Date of Award

5-2013

Document Type

Thesis

Degree Name

Master of Arts (MA)

Legacy Department

Economics

Advisor

Jerzmanowski, Michal

Committee Member

Baier, Scott

Committee Member

Tsui, Kevin

Abstract

The paper explores whether globalization have impact of income distributions among upper class, middle class and lower class. In other words, we are trying to find the relationship between rapidly growing globalization and income inequality. In general, globalization boosts FDI, wage raise and productivity (Pica 2007). However, according to the past researches, the gap of wage inequality among high-class workers, middle-class workers and low-class works in a given country was becoming wider and wider as globalization increase. Using the panel data of 26 countries over a period 38 years from 1970-2011, we set up three regression models in order to test the relationship between globalization and wage inequality. The formed a measurement for wage inequality by taking top or bottom average wage and divide average wage. We found that the coefficient of total FDI and wage inequality is positive, which wage inequality increases as total FDI increases. The result also shows that once we eliminated economic flows of economic restrictions from the globalization index and only include political restrictions aspect and cultural aspect of globalization in the regression, we found that economic restrictions and cultural aspect is not significant. That means lower restriction boundaries and similar culture does not have impact on wage inequality.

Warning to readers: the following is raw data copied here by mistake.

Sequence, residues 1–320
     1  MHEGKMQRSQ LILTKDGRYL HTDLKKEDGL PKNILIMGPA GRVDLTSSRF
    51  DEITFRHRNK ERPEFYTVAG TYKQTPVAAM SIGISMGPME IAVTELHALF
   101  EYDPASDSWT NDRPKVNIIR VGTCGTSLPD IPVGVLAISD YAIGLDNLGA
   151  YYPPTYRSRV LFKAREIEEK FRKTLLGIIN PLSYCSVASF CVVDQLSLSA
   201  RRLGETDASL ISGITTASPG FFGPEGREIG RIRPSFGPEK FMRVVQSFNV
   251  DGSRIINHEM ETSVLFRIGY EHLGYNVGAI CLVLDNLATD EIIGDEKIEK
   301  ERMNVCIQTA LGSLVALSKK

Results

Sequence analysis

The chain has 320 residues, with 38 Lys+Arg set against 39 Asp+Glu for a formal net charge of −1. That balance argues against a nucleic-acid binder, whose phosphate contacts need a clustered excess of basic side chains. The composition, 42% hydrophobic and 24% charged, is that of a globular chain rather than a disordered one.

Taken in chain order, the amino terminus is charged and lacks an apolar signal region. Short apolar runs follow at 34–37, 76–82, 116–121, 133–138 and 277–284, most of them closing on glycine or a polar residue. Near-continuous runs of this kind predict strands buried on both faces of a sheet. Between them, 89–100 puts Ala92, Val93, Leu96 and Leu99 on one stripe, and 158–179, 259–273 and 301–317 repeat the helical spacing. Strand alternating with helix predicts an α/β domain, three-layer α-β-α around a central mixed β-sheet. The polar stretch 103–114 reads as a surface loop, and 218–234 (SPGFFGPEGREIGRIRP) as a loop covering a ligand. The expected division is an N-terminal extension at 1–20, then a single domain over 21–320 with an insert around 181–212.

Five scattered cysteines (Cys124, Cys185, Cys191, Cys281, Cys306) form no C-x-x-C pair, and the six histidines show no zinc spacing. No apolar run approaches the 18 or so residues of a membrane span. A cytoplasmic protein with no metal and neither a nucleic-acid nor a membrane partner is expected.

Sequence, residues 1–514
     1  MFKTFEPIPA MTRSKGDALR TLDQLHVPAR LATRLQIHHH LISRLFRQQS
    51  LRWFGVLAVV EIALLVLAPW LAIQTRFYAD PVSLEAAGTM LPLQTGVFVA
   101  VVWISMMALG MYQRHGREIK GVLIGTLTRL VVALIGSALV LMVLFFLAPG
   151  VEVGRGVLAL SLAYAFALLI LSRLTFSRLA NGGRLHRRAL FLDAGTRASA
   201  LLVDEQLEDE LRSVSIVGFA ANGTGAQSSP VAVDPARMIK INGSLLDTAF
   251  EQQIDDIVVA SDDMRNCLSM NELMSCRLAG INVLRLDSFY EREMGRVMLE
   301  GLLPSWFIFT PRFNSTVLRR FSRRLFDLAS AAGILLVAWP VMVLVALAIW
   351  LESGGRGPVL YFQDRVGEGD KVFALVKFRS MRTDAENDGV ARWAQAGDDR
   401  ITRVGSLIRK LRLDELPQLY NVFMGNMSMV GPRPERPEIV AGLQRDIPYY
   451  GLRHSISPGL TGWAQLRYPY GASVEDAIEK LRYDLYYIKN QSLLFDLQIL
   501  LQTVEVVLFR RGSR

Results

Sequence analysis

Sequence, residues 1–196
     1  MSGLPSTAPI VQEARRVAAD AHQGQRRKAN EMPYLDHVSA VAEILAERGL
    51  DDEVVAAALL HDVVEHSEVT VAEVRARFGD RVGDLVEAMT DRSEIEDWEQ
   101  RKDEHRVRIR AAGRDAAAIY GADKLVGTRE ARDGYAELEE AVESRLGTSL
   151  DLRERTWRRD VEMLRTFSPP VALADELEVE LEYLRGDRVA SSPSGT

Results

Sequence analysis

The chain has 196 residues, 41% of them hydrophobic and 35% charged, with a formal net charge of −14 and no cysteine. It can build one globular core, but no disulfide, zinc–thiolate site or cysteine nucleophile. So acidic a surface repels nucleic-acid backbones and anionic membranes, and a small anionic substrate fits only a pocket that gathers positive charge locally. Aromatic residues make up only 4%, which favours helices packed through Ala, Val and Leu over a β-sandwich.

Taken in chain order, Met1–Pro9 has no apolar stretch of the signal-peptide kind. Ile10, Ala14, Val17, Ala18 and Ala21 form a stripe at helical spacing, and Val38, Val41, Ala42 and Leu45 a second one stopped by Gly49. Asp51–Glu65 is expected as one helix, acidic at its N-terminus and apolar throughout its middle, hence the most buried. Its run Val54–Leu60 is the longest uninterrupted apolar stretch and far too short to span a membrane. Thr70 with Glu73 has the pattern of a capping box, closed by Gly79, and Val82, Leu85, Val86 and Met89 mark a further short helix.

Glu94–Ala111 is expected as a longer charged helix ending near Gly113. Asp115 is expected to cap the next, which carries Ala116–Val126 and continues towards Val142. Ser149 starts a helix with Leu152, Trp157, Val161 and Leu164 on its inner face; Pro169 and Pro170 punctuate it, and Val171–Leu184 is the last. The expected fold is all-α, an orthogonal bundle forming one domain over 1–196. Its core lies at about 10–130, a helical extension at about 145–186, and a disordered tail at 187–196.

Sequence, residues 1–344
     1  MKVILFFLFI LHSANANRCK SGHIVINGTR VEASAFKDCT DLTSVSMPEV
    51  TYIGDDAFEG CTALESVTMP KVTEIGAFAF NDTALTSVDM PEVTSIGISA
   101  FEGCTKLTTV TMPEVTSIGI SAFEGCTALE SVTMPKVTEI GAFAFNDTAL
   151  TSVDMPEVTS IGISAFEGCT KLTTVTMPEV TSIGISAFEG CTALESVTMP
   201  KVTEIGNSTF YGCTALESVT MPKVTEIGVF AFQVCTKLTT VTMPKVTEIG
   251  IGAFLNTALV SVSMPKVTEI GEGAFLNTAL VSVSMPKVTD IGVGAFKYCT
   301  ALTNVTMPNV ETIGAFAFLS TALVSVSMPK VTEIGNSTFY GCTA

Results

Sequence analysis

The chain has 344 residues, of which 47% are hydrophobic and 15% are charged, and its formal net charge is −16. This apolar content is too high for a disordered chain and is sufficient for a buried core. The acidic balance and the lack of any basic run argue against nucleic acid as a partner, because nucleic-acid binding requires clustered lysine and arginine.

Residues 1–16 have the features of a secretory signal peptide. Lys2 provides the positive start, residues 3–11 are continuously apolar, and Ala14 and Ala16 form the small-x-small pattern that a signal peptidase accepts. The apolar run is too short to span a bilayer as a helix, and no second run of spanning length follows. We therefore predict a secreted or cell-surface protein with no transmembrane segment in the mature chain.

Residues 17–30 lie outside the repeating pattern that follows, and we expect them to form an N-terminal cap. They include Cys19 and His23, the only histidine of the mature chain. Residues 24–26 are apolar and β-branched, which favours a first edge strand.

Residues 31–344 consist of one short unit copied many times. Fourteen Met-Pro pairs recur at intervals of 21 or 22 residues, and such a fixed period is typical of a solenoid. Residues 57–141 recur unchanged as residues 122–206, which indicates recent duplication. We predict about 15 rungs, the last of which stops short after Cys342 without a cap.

Included in

Economics Commons

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